How to Return to Exercising after an Illness

Over the weekend, I got food poisoning. Luckily, it didn’t last that long. However, I lost all my energy and overall felt like I was hungover. Yet, I wanted to return to training as soon as possible. In the past, I have been sick as well and getting back to exercising when you’re not feeling 100 percent is tough. Here are some tips to help you return to exercise after you’ve been ill.

Tips for Exercising after You’ve Been Sick

  • Take it slow. Don’t go all out to crush a workout (especially a CrossFit workout) after you’ve been sick. It’s okay to return to exercise not quite 100 percent, but don’t push your body to its limits. You open yourself up to injury and a longer recovery period from your illness if you do.
  • Drink more than usual during a workout. Stop at logical breaks or at least every two minutes and take a sip of water. Your body needs extra nourishment as it’s trying to fuel your body and recover from an illness.Image result for picture person in bed sick
  • Recovery after the workout is key. Drink your protein shake and recovery drink immediately after you’re finished and don’t cut the dosage. Your body will need all those electrolytes.
  • Listen to your body. I say this a lot, but it’s true. Over the next several days, your body will let you know when it’s ready to be pushed and return to your normal level of exercise. This is different for everyone who has different levels of fitness and a different degree of sickness. Food poisoning is quite different than pneumonia.
  • Be smart. Fitness will always be there. Recover and then hit it hard. Injuring yourself is just not worth it. If your body needs rest, then rest as hard as it is. You’ll be the stronger for it if you do.

Illnesses are a part of life. Luckily, as our immune systems get older, they aren’t a big part of our life. When you’re active and you get sick, take a break. Let your body concentrate on recovery and not performance. Use the time to catch up on a book you want to read or a TV series you want to watch. The mental break can be just as good for you as the physical break. Feel better soon!

Why I CrossFit

Hot Crossfit chicks crossfit competition
Power Snatch in CrossFit Competition

The CrossFit Games is not your average athlete. The CrossFit Games’ athletes are professionals who work out many hours every day. Most have professional coaches who do their programming.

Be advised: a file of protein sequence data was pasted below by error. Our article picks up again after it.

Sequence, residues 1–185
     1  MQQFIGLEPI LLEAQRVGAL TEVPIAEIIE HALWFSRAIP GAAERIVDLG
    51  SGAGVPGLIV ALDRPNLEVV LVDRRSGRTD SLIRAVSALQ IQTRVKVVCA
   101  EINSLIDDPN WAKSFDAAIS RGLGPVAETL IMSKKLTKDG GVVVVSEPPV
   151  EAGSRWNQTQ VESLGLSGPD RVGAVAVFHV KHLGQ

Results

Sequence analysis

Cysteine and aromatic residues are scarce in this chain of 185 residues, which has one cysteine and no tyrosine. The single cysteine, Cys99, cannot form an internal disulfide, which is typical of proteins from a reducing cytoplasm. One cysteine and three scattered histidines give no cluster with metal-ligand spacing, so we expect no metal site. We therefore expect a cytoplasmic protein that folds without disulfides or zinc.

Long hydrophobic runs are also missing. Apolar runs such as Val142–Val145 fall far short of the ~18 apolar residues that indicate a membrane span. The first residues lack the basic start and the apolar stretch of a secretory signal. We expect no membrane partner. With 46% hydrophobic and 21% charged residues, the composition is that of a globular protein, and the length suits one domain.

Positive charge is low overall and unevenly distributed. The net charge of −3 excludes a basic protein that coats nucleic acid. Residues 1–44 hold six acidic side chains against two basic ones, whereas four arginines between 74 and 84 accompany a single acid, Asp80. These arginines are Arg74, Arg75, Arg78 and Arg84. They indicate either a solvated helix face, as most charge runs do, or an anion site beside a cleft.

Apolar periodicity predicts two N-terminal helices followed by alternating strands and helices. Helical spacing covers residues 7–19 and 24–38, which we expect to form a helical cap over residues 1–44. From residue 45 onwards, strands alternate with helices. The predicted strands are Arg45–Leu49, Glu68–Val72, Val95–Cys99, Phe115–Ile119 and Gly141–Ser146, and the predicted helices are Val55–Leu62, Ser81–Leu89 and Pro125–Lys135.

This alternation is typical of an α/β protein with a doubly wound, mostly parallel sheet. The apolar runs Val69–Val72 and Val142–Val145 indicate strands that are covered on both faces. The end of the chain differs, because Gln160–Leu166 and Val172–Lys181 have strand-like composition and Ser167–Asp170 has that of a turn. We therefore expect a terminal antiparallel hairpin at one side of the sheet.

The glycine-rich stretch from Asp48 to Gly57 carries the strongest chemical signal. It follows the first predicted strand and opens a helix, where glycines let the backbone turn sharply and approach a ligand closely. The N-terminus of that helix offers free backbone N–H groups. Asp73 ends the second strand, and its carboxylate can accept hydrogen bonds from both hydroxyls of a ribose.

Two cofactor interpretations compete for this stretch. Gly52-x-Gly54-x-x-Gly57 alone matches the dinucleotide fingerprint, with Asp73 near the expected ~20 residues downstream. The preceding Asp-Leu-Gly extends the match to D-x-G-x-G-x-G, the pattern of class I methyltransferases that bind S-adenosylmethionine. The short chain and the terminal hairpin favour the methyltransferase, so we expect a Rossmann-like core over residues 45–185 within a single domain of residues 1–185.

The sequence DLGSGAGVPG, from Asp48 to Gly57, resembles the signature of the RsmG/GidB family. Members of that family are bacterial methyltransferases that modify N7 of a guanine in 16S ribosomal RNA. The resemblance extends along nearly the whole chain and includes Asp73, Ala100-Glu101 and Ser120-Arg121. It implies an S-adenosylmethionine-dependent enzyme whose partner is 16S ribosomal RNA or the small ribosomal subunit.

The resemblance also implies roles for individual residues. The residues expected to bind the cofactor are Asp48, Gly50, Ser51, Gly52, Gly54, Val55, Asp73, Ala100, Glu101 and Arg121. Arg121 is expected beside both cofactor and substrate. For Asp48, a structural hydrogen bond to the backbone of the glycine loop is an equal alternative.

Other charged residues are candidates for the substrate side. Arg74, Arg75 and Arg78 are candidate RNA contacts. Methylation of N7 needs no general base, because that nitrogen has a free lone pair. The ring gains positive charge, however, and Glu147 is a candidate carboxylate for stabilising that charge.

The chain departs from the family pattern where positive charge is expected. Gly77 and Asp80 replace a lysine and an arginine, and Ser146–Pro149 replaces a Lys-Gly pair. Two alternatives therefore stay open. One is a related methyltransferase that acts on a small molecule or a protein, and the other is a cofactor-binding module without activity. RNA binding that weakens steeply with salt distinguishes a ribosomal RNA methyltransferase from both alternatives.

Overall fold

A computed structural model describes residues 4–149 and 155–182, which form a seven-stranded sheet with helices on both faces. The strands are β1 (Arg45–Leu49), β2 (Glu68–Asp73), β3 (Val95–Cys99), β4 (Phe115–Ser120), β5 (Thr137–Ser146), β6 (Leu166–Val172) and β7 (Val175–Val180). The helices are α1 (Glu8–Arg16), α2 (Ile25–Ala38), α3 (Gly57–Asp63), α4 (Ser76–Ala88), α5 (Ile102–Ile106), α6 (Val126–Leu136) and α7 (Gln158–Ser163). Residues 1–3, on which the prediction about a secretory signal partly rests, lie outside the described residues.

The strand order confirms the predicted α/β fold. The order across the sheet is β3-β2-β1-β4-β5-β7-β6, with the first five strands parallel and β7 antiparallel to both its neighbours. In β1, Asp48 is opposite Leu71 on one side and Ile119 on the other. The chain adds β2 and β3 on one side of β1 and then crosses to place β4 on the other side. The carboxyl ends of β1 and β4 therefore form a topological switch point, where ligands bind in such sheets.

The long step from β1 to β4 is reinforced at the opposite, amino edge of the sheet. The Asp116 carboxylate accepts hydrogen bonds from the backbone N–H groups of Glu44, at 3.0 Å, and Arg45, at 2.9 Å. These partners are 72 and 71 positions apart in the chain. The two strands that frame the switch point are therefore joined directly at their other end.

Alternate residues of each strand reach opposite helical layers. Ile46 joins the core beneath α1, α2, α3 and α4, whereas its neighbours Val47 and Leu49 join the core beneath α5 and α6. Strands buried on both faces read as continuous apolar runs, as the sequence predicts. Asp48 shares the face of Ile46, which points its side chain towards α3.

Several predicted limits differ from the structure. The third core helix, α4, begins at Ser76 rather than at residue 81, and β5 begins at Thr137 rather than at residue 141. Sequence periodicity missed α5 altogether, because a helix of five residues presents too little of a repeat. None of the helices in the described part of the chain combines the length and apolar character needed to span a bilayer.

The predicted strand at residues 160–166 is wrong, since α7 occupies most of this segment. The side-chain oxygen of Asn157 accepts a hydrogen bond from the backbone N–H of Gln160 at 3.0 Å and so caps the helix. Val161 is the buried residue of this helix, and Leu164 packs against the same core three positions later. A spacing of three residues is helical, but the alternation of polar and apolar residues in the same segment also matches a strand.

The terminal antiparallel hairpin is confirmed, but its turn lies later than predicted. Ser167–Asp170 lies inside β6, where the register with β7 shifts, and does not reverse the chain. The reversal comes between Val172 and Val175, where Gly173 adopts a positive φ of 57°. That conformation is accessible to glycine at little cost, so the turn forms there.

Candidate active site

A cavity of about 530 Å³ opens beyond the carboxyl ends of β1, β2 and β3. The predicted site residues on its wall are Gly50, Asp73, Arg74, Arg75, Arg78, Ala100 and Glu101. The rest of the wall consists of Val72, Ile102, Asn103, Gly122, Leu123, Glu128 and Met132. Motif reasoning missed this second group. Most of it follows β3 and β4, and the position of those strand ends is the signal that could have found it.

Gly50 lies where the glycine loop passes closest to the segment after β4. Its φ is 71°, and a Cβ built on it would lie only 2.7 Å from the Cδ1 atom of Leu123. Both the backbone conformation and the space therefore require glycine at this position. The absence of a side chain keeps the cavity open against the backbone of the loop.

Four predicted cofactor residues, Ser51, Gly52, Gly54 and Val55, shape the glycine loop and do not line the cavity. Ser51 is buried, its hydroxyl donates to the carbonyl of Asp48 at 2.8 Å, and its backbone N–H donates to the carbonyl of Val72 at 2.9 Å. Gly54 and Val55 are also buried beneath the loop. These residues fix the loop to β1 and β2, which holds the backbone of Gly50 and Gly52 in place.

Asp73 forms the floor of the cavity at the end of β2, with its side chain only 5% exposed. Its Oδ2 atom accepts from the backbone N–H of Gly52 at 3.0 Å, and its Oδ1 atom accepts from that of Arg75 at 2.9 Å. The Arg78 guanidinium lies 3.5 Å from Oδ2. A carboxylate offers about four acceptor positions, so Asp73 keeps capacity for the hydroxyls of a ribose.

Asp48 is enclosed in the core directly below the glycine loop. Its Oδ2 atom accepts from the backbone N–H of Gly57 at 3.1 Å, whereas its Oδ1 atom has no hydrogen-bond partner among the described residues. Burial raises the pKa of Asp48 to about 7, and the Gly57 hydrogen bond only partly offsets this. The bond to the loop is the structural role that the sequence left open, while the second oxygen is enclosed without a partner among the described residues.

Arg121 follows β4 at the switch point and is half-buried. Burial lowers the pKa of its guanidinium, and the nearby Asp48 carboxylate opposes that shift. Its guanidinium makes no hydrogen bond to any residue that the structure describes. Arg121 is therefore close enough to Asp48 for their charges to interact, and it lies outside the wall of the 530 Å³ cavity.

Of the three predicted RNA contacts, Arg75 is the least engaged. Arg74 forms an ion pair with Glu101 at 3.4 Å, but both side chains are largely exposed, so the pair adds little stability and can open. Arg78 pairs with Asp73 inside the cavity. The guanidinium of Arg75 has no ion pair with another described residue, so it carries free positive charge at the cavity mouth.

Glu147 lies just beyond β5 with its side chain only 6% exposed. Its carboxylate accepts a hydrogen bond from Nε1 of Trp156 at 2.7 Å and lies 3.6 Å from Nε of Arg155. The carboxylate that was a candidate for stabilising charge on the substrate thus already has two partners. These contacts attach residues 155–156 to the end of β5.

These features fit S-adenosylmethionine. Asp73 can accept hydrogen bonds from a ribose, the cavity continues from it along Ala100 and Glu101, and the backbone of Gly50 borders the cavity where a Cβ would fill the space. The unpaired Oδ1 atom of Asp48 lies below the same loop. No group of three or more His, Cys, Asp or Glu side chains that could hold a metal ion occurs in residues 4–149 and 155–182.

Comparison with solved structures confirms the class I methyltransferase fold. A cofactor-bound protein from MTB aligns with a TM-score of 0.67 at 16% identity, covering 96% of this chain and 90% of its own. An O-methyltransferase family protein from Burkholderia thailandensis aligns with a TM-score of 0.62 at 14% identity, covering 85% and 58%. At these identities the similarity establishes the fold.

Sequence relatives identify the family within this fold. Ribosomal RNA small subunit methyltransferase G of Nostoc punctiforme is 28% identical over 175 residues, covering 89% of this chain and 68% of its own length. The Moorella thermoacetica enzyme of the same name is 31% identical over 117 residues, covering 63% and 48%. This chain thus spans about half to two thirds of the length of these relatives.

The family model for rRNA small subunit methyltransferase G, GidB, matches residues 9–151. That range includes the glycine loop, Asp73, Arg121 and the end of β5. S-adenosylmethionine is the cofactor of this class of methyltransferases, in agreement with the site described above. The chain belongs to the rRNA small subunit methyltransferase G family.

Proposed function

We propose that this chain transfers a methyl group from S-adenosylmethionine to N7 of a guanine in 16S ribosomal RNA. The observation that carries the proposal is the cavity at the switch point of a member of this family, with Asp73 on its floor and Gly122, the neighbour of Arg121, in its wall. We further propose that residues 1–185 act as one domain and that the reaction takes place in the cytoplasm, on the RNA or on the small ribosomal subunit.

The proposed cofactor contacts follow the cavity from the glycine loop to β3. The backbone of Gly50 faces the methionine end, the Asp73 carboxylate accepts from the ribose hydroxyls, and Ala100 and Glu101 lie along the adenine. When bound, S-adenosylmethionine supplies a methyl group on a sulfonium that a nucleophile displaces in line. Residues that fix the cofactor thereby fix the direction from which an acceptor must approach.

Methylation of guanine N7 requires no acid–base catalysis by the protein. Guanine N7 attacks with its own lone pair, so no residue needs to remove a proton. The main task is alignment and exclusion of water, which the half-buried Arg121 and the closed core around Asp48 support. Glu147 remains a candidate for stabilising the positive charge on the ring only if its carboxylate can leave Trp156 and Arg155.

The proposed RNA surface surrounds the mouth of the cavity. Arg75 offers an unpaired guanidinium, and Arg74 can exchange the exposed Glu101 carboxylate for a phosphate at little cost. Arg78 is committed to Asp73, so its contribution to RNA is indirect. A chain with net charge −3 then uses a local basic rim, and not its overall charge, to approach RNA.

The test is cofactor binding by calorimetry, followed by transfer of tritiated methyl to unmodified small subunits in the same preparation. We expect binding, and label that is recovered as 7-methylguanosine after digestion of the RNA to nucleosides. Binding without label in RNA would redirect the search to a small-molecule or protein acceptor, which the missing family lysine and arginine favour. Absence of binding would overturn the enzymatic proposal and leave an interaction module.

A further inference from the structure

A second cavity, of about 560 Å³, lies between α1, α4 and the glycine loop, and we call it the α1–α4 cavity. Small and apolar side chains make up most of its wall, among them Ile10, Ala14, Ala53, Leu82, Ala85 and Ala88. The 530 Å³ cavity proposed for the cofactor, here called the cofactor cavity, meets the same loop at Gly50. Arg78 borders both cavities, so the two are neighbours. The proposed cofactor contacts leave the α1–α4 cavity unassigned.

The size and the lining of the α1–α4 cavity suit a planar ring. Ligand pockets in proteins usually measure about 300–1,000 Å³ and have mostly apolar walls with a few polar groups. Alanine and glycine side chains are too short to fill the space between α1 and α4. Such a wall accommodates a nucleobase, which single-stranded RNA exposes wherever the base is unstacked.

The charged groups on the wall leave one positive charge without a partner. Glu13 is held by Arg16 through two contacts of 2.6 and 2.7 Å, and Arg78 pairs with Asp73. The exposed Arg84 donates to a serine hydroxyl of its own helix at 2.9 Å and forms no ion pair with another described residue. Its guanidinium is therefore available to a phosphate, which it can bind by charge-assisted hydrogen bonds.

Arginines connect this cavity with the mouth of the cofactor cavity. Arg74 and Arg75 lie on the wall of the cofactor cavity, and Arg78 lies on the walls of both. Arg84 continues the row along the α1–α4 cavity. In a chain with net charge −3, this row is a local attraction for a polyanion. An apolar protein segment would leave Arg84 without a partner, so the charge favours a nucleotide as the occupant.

I CrossFit once a day. I take rest days. I push myself but smartly. I strive and am competitive but am okay if I don’t win.

REASONS I CROSSFIT

  • To push my body to its limits
  • To transform my body composition and looks
  • To do things others don’t or won’t
  • To strengthen my mind
  • To improve my self-confidence
  • To improve my self-esteem
  • To have fun
  • To constantly challenge myself
  • To be different

It’s hard at this moment to quantify CrossFit and what it means to me. But this is my attempt.

CrossFit: How to Fill Sandbags

At my last competition, the Turkey Challenge, we had a WOD with sandbags. I fell in love — so much so I bought two sandbags from Brute Force for myself for Christmas. One I filled with 35 pounds and one with 62 pounds.

Filling sandbags is not as easy as it sounds. Here are the steps and methods I utilized:

crossfit chicks working out during crossfit competition with sandbags
Working out with Sandbags
  • Buy sand (play sand is recommended) from your local hardware store or superstore
  • Fill the filler bags accordingly. A less filled bag is more unstable and will tax your grip and balance more. We used a funnel and a measuring cup that had a pour spout. This enabled us to accurately fill the bags with the same amount of sand.
  • Use a scale. After filling the bags, we would weigh the bags on a scale to make sure they were equal.
  • These Brute Force bags come with military-grade velcro. Velcro the bags and place them in the outer shell bag, shaking to make even.
  • You’re ready to begin!

WHY TRAIN WITH SANDBAGS

Sandbag training is utilized for unstable load training which is the ability to unconventionally move or lift an odd object that is unstable or has an uneven load efficiently. This type of training provides a much more dynamic and challenging training experience. You must engage your body’s stabilizer muscles, building coordinated strength and balance throughout your entire body.

Unstable load training is definitely challenging, no doubt about it. And fun. Once I’m healed from my surgery, I can’t wait to get started!